The Partnership Puzzle
Is it really a good idea for publishers to give away their content for free?
It's an article of faith among digital publishers that content partnerships are one of the key levers for success. If you're operating a small site and you want to grow, you need to partner up with big distributors that can serve as megaphones, amplifying your content and, the theory goes, bringing a new audience back to you. If you're running a big site, you need partners to provide fresh content, and lots of it, to satisfy the millions of eyeballs arriving each day.
And so we live in a partnership ecosystem. As a medium-sized player, we at The Atlantic have partnerships going in both directions. We send some of our best stories to sites that have huge traffic. We take smart stories from smaller sites that are happy to share their goods with our strong brand and relatively large audience.
All of these partnerships raise the obvious question: Is it really a good idea for publishers to give away their content for free? The arguments cut both ways.
The chief argument in favor of sharing content is that you can get direct traffic in return. If the partner site is displaying your logo and linking to other stories on your site, it's a fine idea to give away a story or two in return. This is a plausible theory that bears out on occasion. If, for example, Yahoo! runs a story from The Atlantic or one of our sister sites, especially on its home page, there can be a surge of traffic from Yahoo! back to our pages. Not always, and often the surge is more like a trickle, but it can be something.
But what if The Atlantic's partner has a particularly strong presence in social media? If it rips an Atlantic article and then uses its social infrastructure to push that piece to the world, the inbound traffic from Facebook or Twitter goes to the partner site, not to us. (This assumes that the partner is linking to our article on its site, not our article on our site.)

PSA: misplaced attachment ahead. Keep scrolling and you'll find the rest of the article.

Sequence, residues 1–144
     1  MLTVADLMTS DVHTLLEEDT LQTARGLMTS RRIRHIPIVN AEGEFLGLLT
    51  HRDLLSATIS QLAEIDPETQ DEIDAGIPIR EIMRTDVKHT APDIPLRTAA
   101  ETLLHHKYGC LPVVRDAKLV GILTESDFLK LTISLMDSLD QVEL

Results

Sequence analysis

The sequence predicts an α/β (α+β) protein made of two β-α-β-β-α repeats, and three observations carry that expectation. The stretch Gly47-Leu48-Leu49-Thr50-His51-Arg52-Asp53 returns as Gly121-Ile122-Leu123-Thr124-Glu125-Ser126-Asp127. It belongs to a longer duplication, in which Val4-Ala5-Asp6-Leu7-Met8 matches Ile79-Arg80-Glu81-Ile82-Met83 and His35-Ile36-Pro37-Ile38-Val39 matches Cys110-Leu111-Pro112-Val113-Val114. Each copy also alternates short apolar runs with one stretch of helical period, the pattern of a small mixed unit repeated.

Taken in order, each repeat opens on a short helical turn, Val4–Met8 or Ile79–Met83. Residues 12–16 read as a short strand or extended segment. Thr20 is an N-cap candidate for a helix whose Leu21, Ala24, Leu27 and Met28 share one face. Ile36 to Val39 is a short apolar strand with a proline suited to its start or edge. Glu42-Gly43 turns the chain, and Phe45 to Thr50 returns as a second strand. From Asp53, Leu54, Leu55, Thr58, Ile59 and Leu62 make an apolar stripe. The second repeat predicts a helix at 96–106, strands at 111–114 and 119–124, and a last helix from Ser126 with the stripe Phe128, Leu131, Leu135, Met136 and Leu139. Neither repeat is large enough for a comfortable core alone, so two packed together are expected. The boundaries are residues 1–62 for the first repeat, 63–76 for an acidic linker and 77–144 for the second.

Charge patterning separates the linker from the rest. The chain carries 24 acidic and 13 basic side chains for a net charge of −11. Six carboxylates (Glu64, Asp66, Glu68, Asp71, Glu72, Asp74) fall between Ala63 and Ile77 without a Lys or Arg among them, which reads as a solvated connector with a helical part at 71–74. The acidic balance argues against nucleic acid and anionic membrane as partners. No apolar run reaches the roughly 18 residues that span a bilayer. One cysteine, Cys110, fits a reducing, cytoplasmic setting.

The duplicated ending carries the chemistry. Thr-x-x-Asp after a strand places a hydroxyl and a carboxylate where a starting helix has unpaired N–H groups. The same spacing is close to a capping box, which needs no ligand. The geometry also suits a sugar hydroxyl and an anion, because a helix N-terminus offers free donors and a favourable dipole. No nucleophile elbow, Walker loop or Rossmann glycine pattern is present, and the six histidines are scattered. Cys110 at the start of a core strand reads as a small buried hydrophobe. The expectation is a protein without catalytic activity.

We don't worry much that when Yahoo! posts our story, they're grabbing readers who would otherwise have read that piece on TheAtlantic.com. Those might be separate audiences. But if our partner was dominating Facebook, Twitter and Reddit with links back to our story on its site, our own social efforts might be drowned out. With social media now generating the plurality of our unique visitors, this could hurt.
Now let's consider branding. This, some say, ought to be the tiebreaker. If you accept that there are gains to be made from direct links but losses to be suffered in social media (and maybe don't be too quick to accept either of those theories), then the branding benefit could be persuasive. The theory, of course, is that just having your logo on another site, even if there are no clicks back, is good exposure for your brand. Certainly there's logic in that: A highway road sign provides branding, even if customers are cruising past at 60 mph. Maybe you'll stop at that pancake house not now, but in the next state over.
OK, but there's a case to be made that people have been trained to tune out the noise when they're on websites--to avoid the blinking ads and the right-rail modules and the partner logos. If they're reading defensively, if they're tuning out the noise, then you're not getting exposure after all. And, if you were happily trading exposure for some losses in social media, well, maybe that trade isn't worth it anymore.
I still believe in content partnerships. But we should be honest about the possible tradeoffs, and humble in our certainty about how exactly these arrangements work.
This post also appears at Folio, where Cohn writes a bimonthly column.